18 Nov 2019

National Hydrology Project2 min read

Source: PIB & Ministry of Jal Shakti

National Hydrology Project was approved by the cabinet in 2016 as a central sector scheme which includes the National Hydrology Project (NHP) and the establishment of the National Water Informatics Centre (NWIC) as a repository of nation-wide water resources data. NWIC is envisaged as an independent organization with adequate administrative and financial powers under the overall control of Secretary, MoWR, RD&GR.

Project objectives 

To improve the extent, quality, and accessibility of water resources information, the decision support system for floods and basin level resource assessment/planning and to strengthen the capacity of targeted water resources professionals and management institutions in India.

Key highlights 

  • It is a Central Sector Scheme, with 100% grant to the States
  • Budget Outlay: about Rs3,640 Crore, with World Bank Assistance to the tune of 50% of the project cost
  • Timeline: 8 years from 2016-17 to 2023-24Lead Agency: Ministry of Jal Shakti, Department of Water Resources, River Development and Ganga Rejuvenation

Project Components

  1. Water Resources Monitoring Systems: This component will finance the establishment/modernization of new and existing hydro met monitoring systems including meteorology, streamflow, groundwater, water quality, and water storage measurements, and construction of hydro-informatics centers that capture both water resources and uses. This component will be implemented by states/UTs with the support of core central agencies. The major activities will include
    1. Establishment of hydro met observation networks
    2. Establishment of Supervisory Control and Data Acquisition (SCADA) systems for water infrastructure and
    3. Establishment of hydro-informatics centers.
  2. Water Resources Information Systems: This Component will support the strengthening of national and sub-national water information centres with web-enabled WRISs through standardization of databases and products from various data sources/departments and make comprehensive, timely, and integrated water resources information available to decision-makers for effective planning, decision making, and operations.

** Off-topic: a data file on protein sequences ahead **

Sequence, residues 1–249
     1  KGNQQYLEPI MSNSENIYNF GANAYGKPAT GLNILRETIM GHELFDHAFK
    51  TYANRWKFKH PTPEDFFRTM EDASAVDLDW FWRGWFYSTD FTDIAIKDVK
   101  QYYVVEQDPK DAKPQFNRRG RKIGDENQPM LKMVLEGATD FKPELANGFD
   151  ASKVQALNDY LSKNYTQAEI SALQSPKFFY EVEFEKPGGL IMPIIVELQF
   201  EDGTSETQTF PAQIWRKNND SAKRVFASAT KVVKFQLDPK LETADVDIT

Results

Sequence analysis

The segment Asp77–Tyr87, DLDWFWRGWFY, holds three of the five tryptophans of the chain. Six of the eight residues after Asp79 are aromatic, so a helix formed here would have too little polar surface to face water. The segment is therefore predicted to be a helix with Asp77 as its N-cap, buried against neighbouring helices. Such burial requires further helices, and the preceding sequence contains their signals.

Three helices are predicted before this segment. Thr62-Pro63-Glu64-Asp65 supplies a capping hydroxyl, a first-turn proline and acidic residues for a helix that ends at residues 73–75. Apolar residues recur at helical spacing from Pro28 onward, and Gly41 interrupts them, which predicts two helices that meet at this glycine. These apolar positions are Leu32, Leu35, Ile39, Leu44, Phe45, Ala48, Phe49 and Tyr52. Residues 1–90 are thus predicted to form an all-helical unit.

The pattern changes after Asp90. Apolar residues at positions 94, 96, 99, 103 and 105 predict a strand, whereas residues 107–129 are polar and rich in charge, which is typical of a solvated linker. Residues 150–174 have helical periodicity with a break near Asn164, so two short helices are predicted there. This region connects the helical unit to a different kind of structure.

Some of the key activities under this component are:

    1. Strengthening of India Water Resources Information System (WRIS); and
    2. Regional /State Water Resources Information System.
  3. Water Resources Operations and Planning Systems: This component will support the development of interactive analytical tools and decision support platform that would integrate database, models and scenario manager for hydrological flood forecasting, integrated reservoir operations, and water resources accounting for improved operation, planning, and management of both surface water and groundwater, based on basin approach. It has three subcomponents:
    1. Development of analytical tools and decision-support platform (river basin modeling, streamflow forecasting, and reservoir operation systems, and irrigation design and operations)
    2. Purpose-driven Support and
    3. Piloting innovative knowledge products.
  4. Institutional Capacity Enhancement: This component aims to build capacity for knowledge-based water resources management. It will support subcomponents in the establishment of (i) water resources knowledge centres, (ii) professional development, (iii) project management, and (iv) operational support.


The project has two groups of direct beneficiaries:

  1. Central and state implementing agencies (IAs) responsible for surface water and/or groundwater planning and management, including river basin organizations (RBOs) and
  2. Users of the WRIS across various sectors and around the world. The ultimate beneficiaries will be the selected farm communities which benefited from pilot projects for water management; rural and urban water and power users; populations affected by floods and droughts, especially poor rural people, and farm families who may benefit from improved irrigation water supply and management; stakeholders across the energy, inland waterways, environment, and agriculture ministries; research and educational institutions; students and researchers; and non-governmental organizations, civil society organizations, and the private sector.

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